Community Education:

One of the biggest problems that is hindering progression in combating issues such as extreme poverty is a lack of knowledge. When people are unaware about what is going on around the globe, these issues are buried and continue to impede the lives of many people. NGC teams can use their voices and creative minds to help educate their schools and local communities about extreme poverty and its prevalence in society. By hosting documentary nights featuring films relevant to their global project or issue, teams can educate others on the importance of helping to end extreme poverty. Also, explaining the different problems that arise from poverty such as a lack of access to healthcare or education can further bring awareness to the topic. Once that is done, NGC teams can use their resources and ideas to work together with others to help end poverty through their global partner.

Impact:

Extreme poverty is a widespread issue that has received attention but has yet to be eradicated. Through the F.A.C.E. goals, NGC teams can make ending it that much easier. Although it may seem that a group of high school students can only do so much, their efforts will go a long way.

The global partnership that the team supports will work to help make their efforts worthwhile and noticed. We are helping real people with real lives; we are making a difference. And while extreme poverty will not disappear in a day, our teams will be the drop in the water that causes a wave of progression.

What cause will you champion?

NGC’s Program Coordinator Maggie Broderick shares her evolved definition of global citizenship.

Center for Regional Development is an NGC Global Project located in Ecuador.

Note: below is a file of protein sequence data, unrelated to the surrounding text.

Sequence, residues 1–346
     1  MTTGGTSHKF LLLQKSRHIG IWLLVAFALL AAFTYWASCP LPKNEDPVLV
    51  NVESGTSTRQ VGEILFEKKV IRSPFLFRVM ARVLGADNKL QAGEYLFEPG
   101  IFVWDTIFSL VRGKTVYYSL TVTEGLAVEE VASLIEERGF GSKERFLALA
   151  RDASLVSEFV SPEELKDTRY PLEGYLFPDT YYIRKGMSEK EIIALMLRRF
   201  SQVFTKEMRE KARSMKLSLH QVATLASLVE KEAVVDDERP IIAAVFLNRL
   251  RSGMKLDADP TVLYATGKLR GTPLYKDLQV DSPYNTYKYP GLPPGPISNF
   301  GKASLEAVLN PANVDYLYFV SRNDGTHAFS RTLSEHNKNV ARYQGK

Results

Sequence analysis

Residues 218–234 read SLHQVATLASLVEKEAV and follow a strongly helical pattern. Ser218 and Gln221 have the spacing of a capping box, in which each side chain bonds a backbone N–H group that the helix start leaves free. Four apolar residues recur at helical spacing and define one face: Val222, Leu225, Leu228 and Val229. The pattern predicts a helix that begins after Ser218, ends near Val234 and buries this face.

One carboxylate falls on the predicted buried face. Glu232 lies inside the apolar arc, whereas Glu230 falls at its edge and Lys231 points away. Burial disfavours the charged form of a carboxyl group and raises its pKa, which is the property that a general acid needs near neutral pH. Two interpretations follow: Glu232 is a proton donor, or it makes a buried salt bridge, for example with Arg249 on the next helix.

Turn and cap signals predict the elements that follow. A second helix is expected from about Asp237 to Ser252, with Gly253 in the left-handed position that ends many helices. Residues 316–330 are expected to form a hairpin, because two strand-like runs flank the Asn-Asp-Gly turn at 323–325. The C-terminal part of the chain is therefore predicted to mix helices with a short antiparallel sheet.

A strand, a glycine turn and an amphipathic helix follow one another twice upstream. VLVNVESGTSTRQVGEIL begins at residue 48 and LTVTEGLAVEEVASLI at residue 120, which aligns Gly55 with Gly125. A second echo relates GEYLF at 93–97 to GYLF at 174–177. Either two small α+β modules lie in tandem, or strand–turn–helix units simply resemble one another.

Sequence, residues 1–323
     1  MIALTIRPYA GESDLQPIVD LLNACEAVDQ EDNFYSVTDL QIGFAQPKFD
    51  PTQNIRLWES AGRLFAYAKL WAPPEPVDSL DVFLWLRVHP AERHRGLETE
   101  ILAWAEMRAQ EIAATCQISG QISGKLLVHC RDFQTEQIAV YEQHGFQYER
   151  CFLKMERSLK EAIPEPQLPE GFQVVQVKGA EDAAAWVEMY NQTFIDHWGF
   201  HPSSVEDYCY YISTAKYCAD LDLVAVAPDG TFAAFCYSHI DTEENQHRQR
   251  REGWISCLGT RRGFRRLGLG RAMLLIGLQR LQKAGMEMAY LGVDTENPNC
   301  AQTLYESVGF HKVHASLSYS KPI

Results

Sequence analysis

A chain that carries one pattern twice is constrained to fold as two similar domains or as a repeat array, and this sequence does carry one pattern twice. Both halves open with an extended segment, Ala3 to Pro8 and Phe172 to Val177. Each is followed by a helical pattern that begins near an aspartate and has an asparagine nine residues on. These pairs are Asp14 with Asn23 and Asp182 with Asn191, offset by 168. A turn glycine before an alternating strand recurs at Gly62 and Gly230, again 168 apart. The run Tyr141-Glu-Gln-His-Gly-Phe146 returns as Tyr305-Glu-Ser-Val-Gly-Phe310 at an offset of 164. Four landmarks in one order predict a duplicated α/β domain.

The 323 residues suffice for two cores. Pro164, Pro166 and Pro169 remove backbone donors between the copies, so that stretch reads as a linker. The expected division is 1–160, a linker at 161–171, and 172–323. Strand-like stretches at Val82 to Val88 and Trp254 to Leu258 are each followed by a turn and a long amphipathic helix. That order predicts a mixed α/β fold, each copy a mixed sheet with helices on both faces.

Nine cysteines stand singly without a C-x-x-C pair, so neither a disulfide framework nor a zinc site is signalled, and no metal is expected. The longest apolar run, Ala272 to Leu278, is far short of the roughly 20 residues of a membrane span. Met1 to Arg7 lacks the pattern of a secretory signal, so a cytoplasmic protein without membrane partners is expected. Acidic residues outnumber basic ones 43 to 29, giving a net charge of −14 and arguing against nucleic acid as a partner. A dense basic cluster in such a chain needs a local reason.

Center for Regional Development is an NGC Global Project located in Ecuador providing services to the disabled.

Global citizens have the ability and desire to champion causes that are universal, problems that every community faces and handles in their own way. Global citizens fight for equality and compassionate treatment of the most vulnerable populations. Global citizens are motivated to prove that change can, in fact, be created by one person.

Every person has the capacity to be a global citizen. We all have at least one cause that drives us to develop sustainable, positive solutions for our world. Can you imagine what our world would be like if we all dedicated time to improving the conditions of our peers in our local and global communities?

For me, I am continuously driven to ensure access to people with disabilities. These individuals deserve equal access to a rich education and fulfilling, life-long employment. As I have traveled around the world, I have been amazed at the similar challenges facing people with disabilities.

In some countries, simple tasks such as traveling on public sidewalks are near impossible for people with physical disabilities; thus, many of those individuals end up homebound. In others, people with disabilities are not given the opportunity to receive an education with their peers or even one at all.

Disabilities are even seen as an illness that can be “caught” if others spend time with the “inflicted.”

Therefore, people with disabilities frequently are unable to socialize with others outside of their home, and as a result, a large part of our global population does not have the opportunity to form personal relationships with people with disabilities. These individuals deserve better.

I will not solely be able to alter the societal structures that thwart the advancement of people with disabilities, but I can do my part to advocate on behalf of and with this population. I can champion and volunteer at incredible organizations like Best Buddies, Special Olympics, SAARC, and Foundation for People with Disabilities (an NGC Global Project). I can also educate others on the injustices that people with disabilities still face abroad and in the United States.

I will be a global citizen as I work to provide access for all people with disabilities. What cause will drive you to be a global citizen? How will you provide solutions to our ever changing global society?